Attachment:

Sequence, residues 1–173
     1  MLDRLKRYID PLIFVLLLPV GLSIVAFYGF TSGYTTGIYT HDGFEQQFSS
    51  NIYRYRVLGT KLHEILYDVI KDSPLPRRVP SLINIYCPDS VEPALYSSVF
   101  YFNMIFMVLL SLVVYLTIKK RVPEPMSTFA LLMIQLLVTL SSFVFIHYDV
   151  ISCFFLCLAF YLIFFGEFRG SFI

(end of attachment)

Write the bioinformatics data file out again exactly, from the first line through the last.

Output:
Sequence, residues 1–173
     1  MLDRLKRYID PLIFVLLLPV GLSIVAFYGF TSGYTTGIYT HDGFEQQFSS
    51  NIYRYRVLGT KLHEILYDVI KDSPLPRRVP SLINIYCPDS VEPALYSSVF
   101  YFNMIFMVLL SLVVYLTIKK RVPEPMSTFA LLMIQLLVTL SSFVFIHYDV
   151  ISCFFLCLAF YLIFFGEFRG SFI